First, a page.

1. If coughing/choking, never inhibit cough
2. Heimlich Maneuver
3. Stack breathing
4. Portable suction
5. CoughAssist device
[www.respironics.com]
CoughAssist™
Mechanical In-Exsufflator

Reducing Risk of Aspiration [cont.]

Changes in food & liquid consistencies

Avoid problem textures and consistencies Gel/powder liquid thickener

Diet Hierarchy

Steak consistency diet Pot roast consistency diet Meat loaf consistency diet Pudding consistency diet Cream consistency diet (tube feedings)

Treatment
Treatment

Reducing Risk of Aspiration

diet (tube feedings) Treatment Reducing Risk of Aspiration Swallowing techniques Repeat swallows Alternate solids
diet (tube feedings) Treatment Reducing Risk of Aspiration Swallowing techniques Repeat swallows Alternate solids

Swallowing techniques

Repeat swallows Alternate solids and liquids

One sip at a time

Sip ‘n’ tip straws Smaller bites Slowed rate Supervision and cueing Smaller, more frequent meals per day

Reducing Risk of Aspiration [cont.]

Positioning

Head and neck support Chin tuck

Supplements

Scandishake

Behavioral changes

Reduce distractions Eat more calories early in the day or when there is less fatigue

Reducing Risk of Aspiration [cont.] Pill management Alternative Methods of Nutrition Take with applesauce, yogurt,
Reducing Risk of Aspiration [cont.]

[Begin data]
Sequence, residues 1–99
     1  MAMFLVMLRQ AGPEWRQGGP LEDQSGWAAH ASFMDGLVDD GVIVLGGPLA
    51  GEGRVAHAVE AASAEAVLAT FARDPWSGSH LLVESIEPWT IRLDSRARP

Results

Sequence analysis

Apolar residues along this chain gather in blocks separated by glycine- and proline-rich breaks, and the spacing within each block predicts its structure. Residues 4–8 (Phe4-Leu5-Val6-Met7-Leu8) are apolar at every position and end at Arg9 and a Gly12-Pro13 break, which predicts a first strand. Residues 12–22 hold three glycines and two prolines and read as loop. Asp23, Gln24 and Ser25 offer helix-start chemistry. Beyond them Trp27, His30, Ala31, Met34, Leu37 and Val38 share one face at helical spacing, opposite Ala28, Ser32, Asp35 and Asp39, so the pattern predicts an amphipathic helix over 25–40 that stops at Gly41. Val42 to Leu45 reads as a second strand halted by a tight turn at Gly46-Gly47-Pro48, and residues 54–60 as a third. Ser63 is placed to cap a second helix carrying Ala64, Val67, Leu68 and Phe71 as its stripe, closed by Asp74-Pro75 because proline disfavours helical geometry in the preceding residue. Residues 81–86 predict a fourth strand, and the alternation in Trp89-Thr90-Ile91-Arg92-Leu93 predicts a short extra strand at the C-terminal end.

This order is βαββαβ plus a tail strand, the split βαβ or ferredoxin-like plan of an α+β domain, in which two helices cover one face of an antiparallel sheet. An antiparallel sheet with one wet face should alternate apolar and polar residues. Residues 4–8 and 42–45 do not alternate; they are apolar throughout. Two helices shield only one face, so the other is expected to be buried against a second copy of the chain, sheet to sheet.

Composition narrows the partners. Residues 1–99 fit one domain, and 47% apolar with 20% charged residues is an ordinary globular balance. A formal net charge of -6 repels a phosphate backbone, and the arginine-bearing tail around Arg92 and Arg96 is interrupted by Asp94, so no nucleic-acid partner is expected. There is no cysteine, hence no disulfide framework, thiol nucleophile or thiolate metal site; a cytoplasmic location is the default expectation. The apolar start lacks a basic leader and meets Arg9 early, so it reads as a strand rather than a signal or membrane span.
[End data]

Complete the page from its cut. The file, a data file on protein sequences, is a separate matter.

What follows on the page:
Pill management
Alternative Methods of Nutrition
Take with applesauce, yogurt, pudding, ice cream, or
any other slippery medium
Long-necked bottles
Carbonated beverages
Cool Whip!
Crush with pharmacist’s consent
 

Feeding Tubes

 

G-tube goes into stomach through an opening in skin

  Feeding Tubes   G-tube goes into stomach through an opening in skin
  Feeding Tubes   G-tube goes into stomach through an opening in skin

Feeding Tubes [cont.]

stomach through an opening in skin Feeding Tubes [cont.] Decisions to have or not have: Used
stomach through an opening in skin Feeding Tubes [cont.] Decisions to have or not have: Used

Decisions to have or not have:

Used to maintain nutrition/hydration; consider before eating becomes exhaustive Risks increase as respiratory function declines Will not eliminate the risk of choking on saliva

Feeding Tubes [cont.]

the risk of choking on saliva Feeding Tubes [cont.] What it does: Provides nutrition via an
the risk of choking on saliva Feeding Tubes [cont.] What it does: Provides nutrition via an

What it does:

Provides nutrition via an alternate route Allows one to receive required nutrition and hydration when no diet texture can be swallowed safely or when oral feeding is not meeting nutritional / hydration needs Allows for the combination of oral eating for pleasure and tube feeding for fluids and calories

Ataxia and Speech
Ataxia and Speech

Speech

Speech “Normal” sounding speech requires perfect coordination of the following systems: Articulatory system (e.g.,
Speech “Normal” sounding speech requires perfect coordination of the following systems: Articulatory system (e.g.,

“Normal” sounding speech requires perfect coordination of the following systems:

Articulatory system (e.g., lips, tongue, etc.) Resonatory system (e.g., velum/soft palate) Phonatory system (e.g., vocal cords) Respiratory system (e.g., lungs)